Health Education England (HEE) are paying GP practices £10,000 to take on new trainees in one area, amid a shortage of available posts.
Around 100 prospective GP trainees stood without placements in North East and North Cumbria after the intake grew from 192 in 2021, to 244 in 2022.
In response, GP practices and PCNs were invited by HEE to establish new training posts in return for a £10,000 to ‘support’ payment.
The offer was taken up by 37 practices, creating an additional 39 posts, Health Education England told Pulse.
An HEE spokesperson said: ‘The decision to make £10,000 available to support the establishment of new GP registrar training posts is a local initiative in the North East and North Cumbria area.’
The money was made available to ‘support with providing time, space and capacity for GP practices and PCNs to support the expansion’.
They added: ‘The extra funding has helped to fund 39 additional placements across the North East and North Cumbria area in 37 practices spread across the region and has been a priority in securing GP provision in the region.’
In all, there had been funding available for 68 new posts across the North East and North Cumbria area.
According to a Cleveland LMC bulletin which first advertised the funding, only a ‘current training practice’ would be able to apply because of the speed with which the posts would have to be created. The trainees should start ‘ideally’ in August 2022, although February 2023 was ‘an option’.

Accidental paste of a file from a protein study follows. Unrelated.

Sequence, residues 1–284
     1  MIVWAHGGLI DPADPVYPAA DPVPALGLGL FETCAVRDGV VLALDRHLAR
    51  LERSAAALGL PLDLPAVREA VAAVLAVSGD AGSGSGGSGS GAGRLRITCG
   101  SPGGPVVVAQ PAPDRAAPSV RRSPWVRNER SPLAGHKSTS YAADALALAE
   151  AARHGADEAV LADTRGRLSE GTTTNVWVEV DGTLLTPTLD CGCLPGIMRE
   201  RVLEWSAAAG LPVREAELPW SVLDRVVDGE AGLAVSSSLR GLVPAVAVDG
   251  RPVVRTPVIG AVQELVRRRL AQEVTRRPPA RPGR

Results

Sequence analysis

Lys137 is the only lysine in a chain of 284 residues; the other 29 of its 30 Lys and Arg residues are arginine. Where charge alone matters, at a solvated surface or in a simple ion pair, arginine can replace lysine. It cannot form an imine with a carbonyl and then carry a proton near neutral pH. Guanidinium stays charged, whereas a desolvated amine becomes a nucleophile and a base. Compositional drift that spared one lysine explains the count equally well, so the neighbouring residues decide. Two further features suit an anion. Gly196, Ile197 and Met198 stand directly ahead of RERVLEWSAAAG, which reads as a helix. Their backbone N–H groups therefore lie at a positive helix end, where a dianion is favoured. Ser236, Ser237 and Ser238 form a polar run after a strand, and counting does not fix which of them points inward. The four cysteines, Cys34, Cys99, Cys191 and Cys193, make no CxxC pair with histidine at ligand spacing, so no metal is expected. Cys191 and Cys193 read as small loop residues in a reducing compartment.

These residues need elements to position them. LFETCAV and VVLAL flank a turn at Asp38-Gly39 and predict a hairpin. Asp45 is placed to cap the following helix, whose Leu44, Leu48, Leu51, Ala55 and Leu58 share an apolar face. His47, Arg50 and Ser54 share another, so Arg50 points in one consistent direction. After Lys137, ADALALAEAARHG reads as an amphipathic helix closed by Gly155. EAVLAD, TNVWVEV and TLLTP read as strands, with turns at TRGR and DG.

The bulletin also included a message from the local deanery, which said giving support to create new training posts ‘is not something we normally do’.
The message said: ‘I fully understand that offering support for educational infrastructure to establish new training posts is not something we normally do. I also understand that practices who have recently established posts may feel aggrieved. It has been a difficult process to obtain this significant investment in training.
‘I can only offer what I can obtain. Strategically this is a vital investment for us to meet and maintain our GP recruitment targets and I hope you will take this offer in the manner it is intended – to support you and our trainees to promote the North East and North Cumbria as the best place to practice.’
Almost 800 applicants had been placed on a ‘reserve list’ for foundation training this year, after not being allocated a placement for FY1. However, all remaining applicants were allocated a placement.
A record 4,000 GP trainee places had been filled as of November 2021, up on the 3,793 new recruits in 2021.
Despite this, the Government is by its own admission ‘not on track’ to meet its election pledge of 6,000 extra GPs by 2025, and health secretary Sajid Javid said he would ‘wait and see’ where it gets to.
Meanwhile, a 2019 study suggested the cost of providing undergraduate placements in general practice is considerably higher than the funding given.
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